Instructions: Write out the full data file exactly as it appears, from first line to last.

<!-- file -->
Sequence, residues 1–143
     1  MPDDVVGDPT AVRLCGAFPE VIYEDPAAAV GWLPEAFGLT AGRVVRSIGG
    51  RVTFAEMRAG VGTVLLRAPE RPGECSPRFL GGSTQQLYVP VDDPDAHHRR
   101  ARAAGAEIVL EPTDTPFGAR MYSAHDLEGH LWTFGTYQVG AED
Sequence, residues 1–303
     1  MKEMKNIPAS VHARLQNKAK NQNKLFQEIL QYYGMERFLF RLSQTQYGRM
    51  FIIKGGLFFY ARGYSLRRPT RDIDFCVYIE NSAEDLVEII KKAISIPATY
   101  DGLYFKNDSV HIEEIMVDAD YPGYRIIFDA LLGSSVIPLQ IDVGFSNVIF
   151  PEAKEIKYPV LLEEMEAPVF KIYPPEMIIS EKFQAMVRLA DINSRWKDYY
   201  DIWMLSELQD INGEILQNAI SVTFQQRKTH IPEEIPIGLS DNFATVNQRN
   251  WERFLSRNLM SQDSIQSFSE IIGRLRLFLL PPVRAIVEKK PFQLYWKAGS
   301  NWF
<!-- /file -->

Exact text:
Sequence, residues 1–143
     1  MPDDVVGDPT AVRLCGAFPE VIYEDPAAAV GWLPEAFGLT AGRVVRSIGG
    51  RVTFAEMRAG VGTVLLRAPE RPGECSPRFL GGSTQQLYVP VDDPDAHHRR
   101  ARAAGAEIVL EPTDTPFGAR MYSAHDLEGH LWTFGTYQVG AED
Sequence, residues 1–303
     1  MKEMKNIPAS VHARLQNKAK NQNKLFQEIL QYYGMERFLF RLSQTQYGRM
    51  FIIKGGLFFY ARGYSLRRPT RDIDFCVYIE NSAEDLVEII KKAISIPATY
   101  DGLYFKNDSV HIEEIMVDAD YPGYRIIFDA LLGSSVIPLQ IDVGFSNVIF
   151  PEAKEIKYPV LLEEMEAPVF KIYPPEMIIS EKFQAMVRLA DINSRWKDYY
   201  DIWMLSELQD INGEILQNAI SVTFQQRKTH IPEEIPIGLS DNFATVNQRN
   251  WERFLSRNLM SQDSIQSFSE IIGRLRLFLL PPVRAIVEKK PFQLYWKAGS
   301  NWF